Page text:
Set in the Mount View Hotel & Spa on Lincoln Avenue, the main street of downtown Calistoga, this intimate establishment recently received an Award of Excellence from Wine Spectator magazine. (In viticulture, veraison is the onset of ripening, when the color of the grape begins to change and soften.) The dining room features a contemporary bistro-style décor, which connects chef James Richmond to his time at the traditional French restaurant Café de la Presse in San Francisco. While Richmond’s menu features mostly French classics, it also offers a number of traditional Italian dishes, as well as regionally inspired California cuisine. The cheese list includes French favorites, but local products are also represented. Priced at $55, the daily three-course prix fixe menu is an excellent value. The wine list is predictably good, with numerous by-the-glass options. Veraison hosts themed nights, including monthly Brown Bag Club evenings, when four-course dinners are accompanied by blind tastings.
Mount View Hotel & Spa, 1457 Lincoln Avenue, Calistoga. Tel. (707) 942-5938
Tucked away in an unremarkable ranch-style building, Kenzo is exceedingly discreet, with only a logo to mark its entry. The serene dining room is decorated in a traditional Japanese minimalist style, with austere birch walls and colorful flower accents. Here, fine Japanese cuisine is paired with wines from the owner’s hilltop winery, Kenzo Estate. The kaiseki menu features nine exquisitely presented courses. According to the chef, 80% of the seafood is flown in daily from Japan’s famed Toyosu fish market. Standout dishes included snow crab and grated ginger set atop a rice cracker, miso soup with cold clams, Akashi sea bream sashimi drizzled with estate-grown yuzu citrus, wagyu tenderloin cooked in a red-wine reduction with a Napa cabbage coulis, and (our favorite) bluefin tuna and Hokkaido sea urchin accompanied by Japanese yams and shiso leaves. As a finale, we were served a three-part dessert: an ethereal lemon mousse, a mochi-sesame treat and a light honey ice cream. Friendly staff explained each dish, their timing was impeccable, and the whole experience was truly memorable. Closed Monday.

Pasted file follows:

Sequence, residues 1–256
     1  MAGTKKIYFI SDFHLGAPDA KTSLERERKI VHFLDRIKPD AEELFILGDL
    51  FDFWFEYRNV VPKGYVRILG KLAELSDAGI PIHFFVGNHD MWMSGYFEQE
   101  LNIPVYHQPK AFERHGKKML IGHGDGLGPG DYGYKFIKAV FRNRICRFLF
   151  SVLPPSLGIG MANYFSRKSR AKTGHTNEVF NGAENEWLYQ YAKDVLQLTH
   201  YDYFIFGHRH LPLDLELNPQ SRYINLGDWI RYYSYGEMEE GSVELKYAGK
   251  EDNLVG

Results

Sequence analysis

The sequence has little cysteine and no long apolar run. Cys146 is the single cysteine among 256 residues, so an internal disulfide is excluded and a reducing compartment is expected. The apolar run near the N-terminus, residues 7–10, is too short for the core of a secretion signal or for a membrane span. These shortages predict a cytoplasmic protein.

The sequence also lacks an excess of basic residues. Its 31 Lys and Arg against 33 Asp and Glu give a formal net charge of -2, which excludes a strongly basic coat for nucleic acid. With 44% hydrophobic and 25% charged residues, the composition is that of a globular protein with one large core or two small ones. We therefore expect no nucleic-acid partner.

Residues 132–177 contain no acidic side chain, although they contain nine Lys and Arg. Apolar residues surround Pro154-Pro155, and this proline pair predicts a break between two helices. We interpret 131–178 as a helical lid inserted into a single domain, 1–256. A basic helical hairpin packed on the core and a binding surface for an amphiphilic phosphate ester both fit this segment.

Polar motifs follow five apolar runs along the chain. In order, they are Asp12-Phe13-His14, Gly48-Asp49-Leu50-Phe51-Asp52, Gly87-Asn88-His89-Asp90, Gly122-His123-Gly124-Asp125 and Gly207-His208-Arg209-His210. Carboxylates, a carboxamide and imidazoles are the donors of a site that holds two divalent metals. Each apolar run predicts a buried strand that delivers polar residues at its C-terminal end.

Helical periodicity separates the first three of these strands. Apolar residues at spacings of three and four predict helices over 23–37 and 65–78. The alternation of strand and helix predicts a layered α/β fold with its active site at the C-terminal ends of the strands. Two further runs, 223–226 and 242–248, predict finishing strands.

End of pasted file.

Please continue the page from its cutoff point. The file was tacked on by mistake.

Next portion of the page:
1339 Pearl Street, Napa. Tel. (707) 294-2049
While included on most recommended-restaurant lists, this Marin County classic remains a favorite among locals. Opened in 1937 around the same time as the completion of the Golden Gate Bridge, Buckeye Roadhouse has aged well. Located on Route 101, roughly 40 miles south of Napa, it is a great stop on any drive to or from the wine country. The interior features a clubby bar with dark red leather barstools, matching booths and a beamed ceiling. Our table was in the grand main room, a lodge-style dining space with vaulted ceilings, wood-paneled walls, antler light fixtures and a river-rock fireplace. The menu may be traditional, but the dishes are never lackluster. House specialties like the oysters Bingo (a take on oysters Rockefeller) and the savory beignets served with avocado honey, pecorino and rosemary have been staples of the menu for many years. A brick smoker in the back produces outstanding meats, yet the seafood dishes, such as pan-roasted sole with haricots verts, capers, lemon and shaved almonds, and seared scallops with saffron risotto, chorizo and Nardello pepper relish, are just as delicious. However, the dish that seems to keep diners coming back is the s’more pie dessert. Though this may sound heavy, it is surprisingly light and airy. Buckeye Roadhouse has preserved its authenticity over the years, and it remains a place to enjoy fine American cuisine in a setting that oozes charm from a vanished era.
15 Shoreline Highway, Mill Valley. Tel. (415) 331-2600